Item description: In this letter, Thomas L. Norwood, wrote from Richmond, Va., to his uncle Walter W. Lenoir, catching him up on news of the 37th North Carolina Troops, Company A. Norwood reported on the prosecution of the case against Colonel William E. Peters, 21st Virginia Cavalry, who enlisted into his company a group of deserters from the 37th North Carolina. He also described a series of desertions by two other soldiers from Company A, George Black and Jeremiah Blackburn, who eventually were tried, condemned, and shot for their crimes. Norwood and Company A nevertheless remained upbeat. They reenlisted unanimously and confidently anticipated that Lee would whip Grant in the forthcoming battle, what would be the battle of Spotsylvania. Norwood only wondered why Lee waited to lead out, seemingly allowing Grant time to gather strength.
May 4th 1864.
Yours of a recent date was received at the camp of the reg’t more than a week ago, and I actually answered it; but the letter was destroyed by an accident before it was mailed. I left camp on Sunday last, and have since that time been in city engaged in swearing before a military court. The case is that of Col Wm E. Peters of the 21st Va Cavalry, for enlisting deserters from other commands. He enlisted about twenty of Co “A” among others. You probably remember to have noticed it several of my letters remarks about going to South Western Va after deserters. Peters’ Regt was made up near Saltville (the Salt works), and almost entirely of deserters. I think we will make out a very strong case against him, and if he is convicted he is cashiered.
The “situation” was unchanged when I left camp. Our army ready & willing to fight; the Yanks said to be very busy getting ready. Till a short time ago twas generally thought that Gnl Lee would advance; but why does he wait? His reinforcements have been with several weeks (Longstreet). Why then does he wait for Grant to gather his strength? Burnside has joined Grant, and Grant will advance. Rumor has it that he is even now advancing by the old Joe Hooker route. Well it’s too late to prophesy now, for before this reaches you, Lee or Grant one will have “led out.” Grant will be whipped. Set that down. I wish Lee would on to him. I always feel braver going “h’yan” way as John Severt says. I know very little of the force of Genl Longstreet. I only know that his troops have been at & Charlottesville for more than two weeks.
You asked about the 37th on the reenlisting question. Reenlist? To be sure they did. “For the war, be it long or short.” Co “A” unanimously also co “I.” There was some opposition in Co’s “D” & “G” from Union & Alexander respectively. They are all “I.F.W.” (in for the war). Co “A” actually went into it with a zest, and after they had reenlisted sent word to the Colonel that he must blot out the big black mark against them (for desertion). Your old acquaintances are well & send kind regards. There are such of them with the Regt as I have frequently mentioned in my letters. To the many cheerfull things that I have said must be added that our men seem to have the real invincible spirit. They don’t believe that Grant can whip Gnl Lee. They are persuaded man for man that they will destroy Grant from off the face of the “yeth.” But God may see fit to chastise us severely in the midst of our fancied strength.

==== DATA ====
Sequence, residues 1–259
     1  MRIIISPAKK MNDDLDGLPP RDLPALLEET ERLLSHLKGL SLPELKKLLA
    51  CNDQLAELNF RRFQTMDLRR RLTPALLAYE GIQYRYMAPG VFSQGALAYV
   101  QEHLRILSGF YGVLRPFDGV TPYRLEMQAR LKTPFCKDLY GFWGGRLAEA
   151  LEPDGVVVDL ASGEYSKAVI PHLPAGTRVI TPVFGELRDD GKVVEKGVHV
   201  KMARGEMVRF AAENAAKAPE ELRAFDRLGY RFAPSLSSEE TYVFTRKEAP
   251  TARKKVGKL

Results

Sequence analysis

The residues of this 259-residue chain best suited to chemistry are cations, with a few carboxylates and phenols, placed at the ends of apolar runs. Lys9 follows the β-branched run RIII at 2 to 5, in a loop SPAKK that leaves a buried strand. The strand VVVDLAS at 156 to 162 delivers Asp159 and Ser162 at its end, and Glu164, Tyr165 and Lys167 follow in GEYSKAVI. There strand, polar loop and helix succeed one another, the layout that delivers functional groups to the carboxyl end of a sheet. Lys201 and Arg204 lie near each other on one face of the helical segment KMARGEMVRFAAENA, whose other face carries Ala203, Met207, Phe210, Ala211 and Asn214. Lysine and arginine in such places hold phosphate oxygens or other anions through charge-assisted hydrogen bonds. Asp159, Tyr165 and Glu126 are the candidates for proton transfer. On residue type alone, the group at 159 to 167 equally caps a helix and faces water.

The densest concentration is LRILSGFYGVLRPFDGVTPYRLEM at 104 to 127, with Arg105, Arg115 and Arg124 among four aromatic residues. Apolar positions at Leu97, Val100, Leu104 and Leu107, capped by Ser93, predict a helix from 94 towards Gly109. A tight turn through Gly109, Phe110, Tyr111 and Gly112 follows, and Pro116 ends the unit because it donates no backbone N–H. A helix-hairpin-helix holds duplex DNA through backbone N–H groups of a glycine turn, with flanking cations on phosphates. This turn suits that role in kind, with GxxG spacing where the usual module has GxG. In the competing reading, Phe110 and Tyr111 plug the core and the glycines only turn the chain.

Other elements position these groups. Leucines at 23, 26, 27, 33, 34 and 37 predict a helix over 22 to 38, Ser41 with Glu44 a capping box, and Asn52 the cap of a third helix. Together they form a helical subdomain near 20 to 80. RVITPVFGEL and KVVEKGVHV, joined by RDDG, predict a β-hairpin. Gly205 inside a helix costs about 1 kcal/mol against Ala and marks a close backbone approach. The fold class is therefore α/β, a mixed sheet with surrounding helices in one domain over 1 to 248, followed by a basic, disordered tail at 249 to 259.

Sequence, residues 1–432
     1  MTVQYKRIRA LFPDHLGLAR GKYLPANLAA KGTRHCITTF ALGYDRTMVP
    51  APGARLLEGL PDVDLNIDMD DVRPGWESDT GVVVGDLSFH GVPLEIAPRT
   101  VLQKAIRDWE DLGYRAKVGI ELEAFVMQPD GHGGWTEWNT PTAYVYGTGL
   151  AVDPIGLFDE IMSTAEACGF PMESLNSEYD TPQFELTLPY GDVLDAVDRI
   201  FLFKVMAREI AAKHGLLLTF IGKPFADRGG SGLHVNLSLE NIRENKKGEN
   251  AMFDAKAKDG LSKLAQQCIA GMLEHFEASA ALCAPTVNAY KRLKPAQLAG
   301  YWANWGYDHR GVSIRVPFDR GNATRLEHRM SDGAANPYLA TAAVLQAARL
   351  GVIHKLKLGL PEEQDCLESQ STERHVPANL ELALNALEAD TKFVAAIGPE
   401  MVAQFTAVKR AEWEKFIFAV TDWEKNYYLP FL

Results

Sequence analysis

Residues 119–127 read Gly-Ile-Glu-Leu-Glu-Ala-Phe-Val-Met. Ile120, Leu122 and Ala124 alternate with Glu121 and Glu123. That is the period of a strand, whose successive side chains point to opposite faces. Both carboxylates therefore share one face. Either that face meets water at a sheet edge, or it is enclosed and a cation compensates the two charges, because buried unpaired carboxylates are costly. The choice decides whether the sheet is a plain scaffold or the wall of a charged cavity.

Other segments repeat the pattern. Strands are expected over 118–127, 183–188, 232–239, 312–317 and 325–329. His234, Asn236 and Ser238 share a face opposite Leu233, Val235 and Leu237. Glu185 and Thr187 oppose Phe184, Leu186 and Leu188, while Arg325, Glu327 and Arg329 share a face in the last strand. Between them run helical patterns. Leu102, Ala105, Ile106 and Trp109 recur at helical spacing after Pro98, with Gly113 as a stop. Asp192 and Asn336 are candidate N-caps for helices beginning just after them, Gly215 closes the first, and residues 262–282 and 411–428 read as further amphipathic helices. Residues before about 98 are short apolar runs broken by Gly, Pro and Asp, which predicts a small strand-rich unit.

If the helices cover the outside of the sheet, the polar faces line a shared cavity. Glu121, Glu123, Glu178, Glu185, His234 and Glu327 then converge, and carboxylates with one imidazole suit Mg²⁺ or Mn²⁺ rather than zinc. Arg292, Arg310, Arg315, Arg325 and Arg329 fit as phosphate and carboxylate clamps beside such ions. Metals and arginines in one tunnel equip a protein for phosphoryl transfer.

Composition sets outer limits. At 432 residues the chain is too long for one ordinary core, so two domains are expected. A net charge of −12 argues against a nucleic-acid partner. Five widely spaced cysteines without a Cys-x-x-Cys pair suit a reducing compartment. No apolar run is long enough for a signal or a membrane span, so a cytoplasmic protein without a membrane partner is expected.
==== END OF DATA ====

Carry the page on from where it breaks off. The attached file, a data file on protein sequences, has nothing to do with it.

What glorious news from the Trans Mississippi department. Just whaling the abolitionists right & left! Oh! Those yanks over there have gotten into the true merits of invading the South. They’ve got to far into our country to get reinforcements whenever they want them. Defeat is ruin. You perhaps haven’t heard that two of company “A” were shot for desertion. The unfortunate individuals were George Black & Jeremiah Blackburn. Both original volunteers. Black was a jolly fellow and appeared to be a good soldier; but he had deserted four times. He was taken at Hannover C.H., and when exchanged deserted. He afterward deserted in the big crowd a year ago; but being arrested on his way home, he was sent to Castle Thunder. When the President’s proclamation came out he was released & started back to the Regt; but deserted again before he reached it & got home. He came back under Hoke’s proclamation last fall, and so escaped punishment again. He didn’t stay over two months before deserted again, making his fourth offence. He didn’t get far before he was overhauled. Blackburn, a brother of George (whom you recollect), shot his own finger off in one of the battles round Richmond, and went home without any showing of any sort. When he came back to the company he was detailed for light & sent to a hospital here, where he committed a forgery on his order from Gnl Lee detailing him, by interpolating something, and attempted to get home, but was arrested. The forged paper however being accidentally lost the forgery could not be proven & Blackburn was again sent to the hospital. Again he committed a forgery by writing (or having it done) a furlough for “1000 days”. He succeeded in getting home somehow or other; but was arrested by the militia officers & allowed to come to the army without a guard. He Stayed a little longer than Black (or rather came a little sooner). Both deserted together were arrested, tried, condemned & shot. Uncle William sends his kindest regards to you & to uncle Tom. He often speaks of you. I am afraid I have left a good many things unanswered in your letter. Write soon. Your affectionate nephew T.L. Norwood.